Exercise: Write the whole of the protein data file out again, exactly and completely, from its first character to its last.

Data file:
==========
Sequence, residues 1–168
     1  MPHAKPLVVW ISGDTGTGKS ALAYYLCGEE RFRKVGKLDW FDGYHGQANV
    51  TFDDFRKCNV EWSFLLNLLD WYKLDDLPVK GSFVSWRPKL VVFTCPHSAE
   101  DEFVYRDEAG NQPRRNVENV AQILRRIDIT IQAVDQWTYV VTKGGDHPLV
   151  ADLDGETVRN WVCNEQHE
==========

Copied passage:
Sequence, residues 1–168
     1  MPHAKPLVVW ISGDTGTGKS ALAYYLCGEE RFRKVGKLDW FDGYHGQANV
    51  TFDDFRKCNV EWSFLLNLLD WYKLDDLPVK GSFVSWRPKL VVFTCPHSAE
   101  DEFVYRDEAG NQPRRNVENV AQILRRIDIT IQAVDQWTYV VTKGGDHPLV
   151  ADLDGETVRN WVCNEQHE